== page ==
Today’s post was shared by Jon L Gelman, who practices law in New Jersey, and the post comes from workers-compensation.blogspot.com
As this article talks about, needlestick injuries are not only expensive, but preventable. And it made me stop to think when I read that “Cross referenced with the most recent CDC reports of the cost to treat healthcare personnel, that amounts to an estimated $3,042 per victim each year.” Yes, that’s over $3,000 for the follow up needed from each needlestick.
A needlestick injury should be covered by workers’ compensation, Answers to Some Common Questions about Workers’ Compensation, and it’s a really basic workplace safety issue. But just because it’s basic and preventable doesn’t mean it isn’t a problem. In addition, it’s not just the folks who immediately come to mind when it comes to healthcare workers who are affected by needlesticks. Because anyone taking out the trash, whether in a healthcare facility or not, can be stuck by an improperly discarded needle and have to go through the worry and medical testing that follow up entails. So please discard sharps in a provided container to be safe and courteous to your fellow workers!
Needlestick injuries to health care workers is a very costly concern to health care workers, their employers and the their insurers. This article is schare frominfectioncontroltoday.com.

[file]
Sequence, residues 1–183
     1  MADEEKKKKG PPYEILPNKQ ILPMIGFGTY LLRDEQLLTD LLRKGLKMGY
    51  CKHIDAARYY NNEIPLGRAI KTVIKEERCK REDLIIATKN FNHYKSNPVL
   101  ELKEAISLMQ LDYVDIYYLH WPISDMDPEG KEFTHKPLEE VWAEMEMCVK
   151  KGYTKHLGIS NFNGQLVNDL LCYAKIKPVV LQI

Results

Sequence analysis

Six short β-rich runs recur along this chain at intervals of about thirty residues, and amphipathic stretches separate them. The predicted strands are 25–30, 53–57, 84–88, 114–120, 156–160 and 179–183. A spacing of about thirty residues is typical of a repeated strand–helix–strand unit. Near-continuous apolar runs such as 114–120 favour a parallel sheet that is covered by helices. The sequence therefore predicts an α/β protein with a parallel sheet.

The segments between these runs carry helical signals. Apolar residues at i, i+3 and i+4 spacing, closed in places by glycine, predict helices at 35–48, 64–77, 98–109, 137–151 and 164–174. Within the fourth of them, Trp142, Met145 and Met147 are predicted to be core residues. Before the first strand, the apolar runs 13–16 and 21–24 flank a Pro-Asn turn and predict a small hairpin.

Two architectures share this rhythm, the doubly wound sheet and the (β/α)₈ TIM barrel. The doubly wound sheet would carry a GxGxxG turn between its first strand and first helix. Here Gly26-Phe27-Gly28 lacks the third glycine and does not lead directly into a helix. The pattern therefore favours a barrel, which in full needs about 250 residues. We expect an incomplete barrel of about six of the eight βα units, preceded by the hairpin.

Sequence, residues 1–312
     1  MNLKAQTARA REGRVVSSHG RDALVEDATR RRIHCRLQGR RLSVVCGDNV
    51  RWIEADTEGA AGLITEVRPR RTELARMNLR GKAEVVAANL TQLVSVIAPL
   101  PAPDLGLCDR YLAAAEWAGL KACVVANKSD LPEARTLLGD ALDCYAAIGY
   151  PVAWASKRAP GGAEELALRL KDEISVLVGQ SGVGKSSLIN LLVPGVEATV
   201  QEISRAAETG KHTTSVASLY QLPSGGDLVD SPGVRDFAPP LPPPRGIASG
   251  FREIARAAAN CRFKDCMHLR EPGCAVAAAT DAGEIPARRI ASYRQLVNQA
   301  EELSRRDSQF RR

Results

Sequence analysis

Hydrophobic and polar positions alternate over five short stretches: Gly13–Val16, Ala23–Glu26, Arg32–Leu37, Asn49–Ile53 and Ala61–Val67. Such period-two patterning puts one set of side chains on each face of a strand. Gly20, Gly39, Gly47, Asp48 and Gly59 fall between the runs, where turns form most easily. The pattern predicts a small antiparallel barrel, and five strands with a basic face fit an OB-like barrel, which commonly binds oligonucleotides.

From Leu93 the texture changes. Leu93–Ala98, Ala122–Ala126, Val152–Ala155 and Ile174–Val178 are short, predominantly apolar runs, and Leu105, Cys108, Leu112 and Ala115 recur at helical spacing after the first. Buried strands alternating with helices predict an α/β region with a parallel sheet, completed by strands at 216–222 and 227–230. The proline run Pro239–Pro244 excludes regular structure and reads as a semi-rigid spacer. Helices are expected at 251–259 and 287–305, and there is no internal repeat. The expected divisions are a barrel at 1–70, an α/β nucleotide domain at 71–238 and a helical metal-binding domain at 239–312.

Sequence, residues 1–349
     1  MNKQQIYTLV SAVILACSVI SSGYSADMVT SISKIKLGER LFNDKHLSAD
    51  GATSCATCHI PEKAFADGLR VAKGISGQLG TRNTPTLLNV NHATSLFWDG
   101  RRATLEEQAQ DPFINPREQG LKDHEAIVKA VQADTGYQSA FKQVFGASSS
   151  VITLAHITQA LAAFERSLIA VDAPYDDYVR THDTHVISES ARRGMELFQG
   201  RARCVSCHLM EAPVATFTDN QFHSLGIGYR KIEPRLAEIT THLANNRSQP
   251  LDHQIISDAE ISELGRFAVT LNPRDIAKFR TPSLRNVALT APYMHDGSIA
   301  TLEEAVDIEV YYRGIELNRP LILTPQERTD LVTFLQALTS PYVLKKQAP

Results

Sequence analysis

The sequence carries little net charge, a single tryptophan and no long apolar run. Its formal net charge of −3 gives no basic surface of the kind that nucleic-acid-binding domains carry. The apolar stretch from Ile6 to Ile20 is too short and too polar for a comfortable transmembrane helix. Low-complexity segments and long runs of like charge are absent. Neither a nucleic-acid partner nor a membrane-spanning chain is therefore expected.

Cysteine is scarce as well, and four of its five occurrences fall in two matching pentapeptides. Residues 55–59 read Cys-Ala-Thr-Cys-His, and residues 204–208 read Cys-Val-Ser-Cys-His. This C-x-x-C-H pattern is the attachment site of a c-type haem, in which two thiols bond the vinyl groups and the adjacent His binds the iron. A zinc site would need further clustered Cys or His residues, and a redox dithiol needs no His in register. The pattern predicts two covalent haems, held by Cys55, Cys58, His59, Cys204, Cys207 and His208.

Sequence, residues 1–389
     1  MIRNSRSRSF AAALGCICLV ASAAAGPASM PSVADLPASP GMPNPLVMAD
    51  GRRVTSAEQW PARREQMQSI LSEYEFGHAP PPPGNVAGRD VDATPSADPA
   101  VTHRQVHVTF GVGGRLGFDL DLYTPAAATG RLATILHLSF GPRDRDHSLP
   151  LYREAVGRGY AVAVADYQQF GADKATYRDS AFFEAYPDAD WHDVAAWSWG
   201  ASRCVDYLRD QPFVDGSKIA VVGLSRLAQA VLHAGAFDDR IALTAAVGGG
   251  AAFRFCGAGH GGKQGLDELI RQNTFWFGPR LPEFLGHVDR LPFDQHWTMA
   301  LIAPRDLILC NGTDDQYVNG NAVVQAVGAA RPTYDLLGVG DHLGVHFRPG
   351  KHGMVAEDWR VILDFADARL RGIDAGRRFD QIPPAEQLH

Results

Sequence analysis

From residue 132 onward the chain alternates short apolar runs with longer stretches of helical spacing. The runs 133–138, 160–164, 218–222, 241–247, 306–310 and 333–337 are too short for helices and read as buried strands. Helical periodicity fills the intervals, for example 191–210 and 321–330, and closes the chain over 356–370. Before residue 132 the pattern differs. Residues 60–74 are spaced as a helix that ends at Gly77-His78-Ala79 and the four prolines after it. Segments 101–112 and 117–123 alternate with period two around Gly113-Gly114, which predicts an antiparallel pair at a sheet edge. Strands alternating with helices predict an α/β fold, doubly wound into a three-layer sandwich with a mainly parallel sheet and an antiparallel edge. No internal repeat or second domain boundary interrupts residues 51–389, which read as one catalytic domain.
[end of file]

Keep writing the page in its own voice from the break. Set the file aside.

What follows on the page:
“Needlestick and sharps injuries affect more than half a million healthcare personnel every year, creating over $1 billion in preventable healthcare costs every year and an immeasurable emotional toll on millions of healthcare personnel, according to a Safe in Common review of U.S. healthcare industry statistics.“Safe in Common (SIC)—a non-profit organization that represents healthcare personnel, industry leaders, policymakers and scientists —studied rates and costs of needlestick injuries within U.S. healthcare facilities as part of its ongoing work to raise awareness of advanced safety engineered devices and work practices that can prevent these injuries.
After examining the findings from the Massachusetts Sharps Injury Surveillance System, SIC determined approximately 1,000 percutaneous injuries per day in U.S. hospitals alone adds $1 billion in unnecessary annual costs. Cross referenced with the most recent CDC reports of the cost to treat healthcare personnel, that amounts to an estimated $3,042 per victim each year. The costs are attributed to laboratory fees for testing exposed employees, labor associated with testing and counseling, and the costs of post-exposure follow-ups.“These completely preventable injuries, needless cost burdens on the healthcare system and…